Injectable 3D vaccines to fight cancer, HIV
An injectable three-dimensional vaccine that works by triggering an immune response could help prevent a whole range of deadly diseases, including as well as cancer, finds a research.
New York: An injectable three-dimensional vaccine that works by triggering an immune response could help prevent a whole range of deadly diseases, including as well as cancer, finds a research.
The non-surgical injection of programmable biomaterial spontaneously assembles in vivo into a 3D structure.
"We can create 3D structures using minimally-invasive delivery to enrich and activate a host's immune cells to target and attack harmful cells in vivo," said the study's senior author David Mooney of Harvard University.
So far, the researchers have only tested the 3D vaccine in mice, but have found it is highly effective.
The vaccines are easily and rapidly manufactured so that they could potentially be widely available very quickly in the face of an emerging infectious disease.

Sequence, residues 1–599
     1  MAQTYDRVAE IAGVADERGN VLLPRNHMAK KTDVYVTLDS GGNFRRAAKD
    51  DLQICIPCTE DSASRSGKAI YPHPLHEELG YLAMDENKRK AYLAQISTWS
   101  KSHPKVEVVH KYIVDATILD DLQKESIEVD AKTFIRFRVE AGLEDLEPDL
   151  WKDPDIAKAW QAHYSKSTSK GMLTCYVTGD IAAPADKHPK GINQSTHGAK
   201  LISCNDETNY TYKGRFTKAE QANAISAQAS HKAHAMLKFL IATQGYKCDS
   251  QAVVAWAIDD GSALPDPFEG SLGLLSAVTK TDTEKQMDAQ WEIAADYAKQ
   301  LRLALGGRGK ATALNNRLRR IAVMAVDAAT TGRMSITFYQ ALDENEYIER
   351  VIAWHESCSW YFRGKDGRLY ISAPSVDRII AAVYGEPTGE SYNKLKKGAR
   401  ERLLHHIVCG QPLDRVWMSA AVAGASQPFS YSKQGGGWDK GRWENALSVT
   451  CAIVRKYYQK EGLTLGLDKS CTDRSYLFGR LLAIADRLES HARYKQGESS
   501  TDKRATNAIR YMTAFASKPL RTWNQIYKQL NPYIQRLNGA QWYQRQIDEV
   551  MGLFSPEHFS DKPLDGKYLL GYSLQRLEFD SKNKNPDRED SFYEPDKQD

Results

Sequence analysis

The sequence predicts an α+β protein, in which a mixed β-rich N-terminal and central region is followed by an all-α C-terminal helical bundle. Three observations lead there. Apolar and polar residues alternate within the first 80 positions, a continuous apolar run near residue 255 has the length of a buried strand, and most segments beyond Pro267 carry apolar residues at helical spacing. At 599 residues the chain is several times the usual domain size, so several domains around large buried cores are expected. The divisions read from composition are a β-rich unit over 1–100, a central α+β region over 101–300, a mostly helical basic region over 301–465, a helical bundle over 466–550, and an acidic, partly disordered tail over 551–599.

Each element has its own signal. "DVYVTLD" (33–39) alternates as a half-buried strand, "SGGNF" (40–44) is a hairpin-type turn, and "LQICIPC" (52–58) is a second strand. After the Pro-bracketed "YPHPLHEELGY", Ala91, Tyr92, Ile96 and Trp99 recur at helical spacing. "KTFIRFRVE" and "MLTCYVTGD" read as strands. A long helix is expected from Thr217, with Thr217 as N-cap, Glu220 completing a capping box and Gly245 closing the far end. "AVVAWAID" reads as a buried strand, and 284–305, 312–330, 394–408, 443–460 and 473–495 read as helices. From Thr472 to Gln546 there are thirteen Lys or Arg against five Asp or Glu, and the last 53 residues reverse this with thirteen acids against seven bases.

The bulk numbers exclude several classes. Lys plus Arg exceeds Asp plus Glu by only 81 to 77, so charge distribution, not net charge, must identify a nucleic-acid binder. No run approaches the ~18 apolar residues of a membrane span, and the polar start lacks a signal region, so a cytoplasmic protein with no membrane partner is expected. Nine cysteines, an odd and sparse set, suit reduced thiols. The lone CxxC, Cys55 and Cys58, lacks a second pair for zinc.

"We anticipate 3D vaccines could be broadly useful for many settings and their injectable nature would also make them easy to administer both inside and outside a clinic," Mooney noted.
Since the vaccine works by triggering an immune response, the method could even be used preventatively by building the body's immune resistance prior to infection.
One of the reasons cancer is so deadly is that it can evade attack from the body's immune system, which allows tumours to flourish and spread.
"These injectable 3D vaccines offer a minimally invasive and scalable way to deliver therapies that work by mimicking the body's own powerful immune-response in diseases which have previously been able to skirt immune detection," Judah Folkman of Harvard University pointed out.
Their findings appeared in the journal Nature Biotechnology.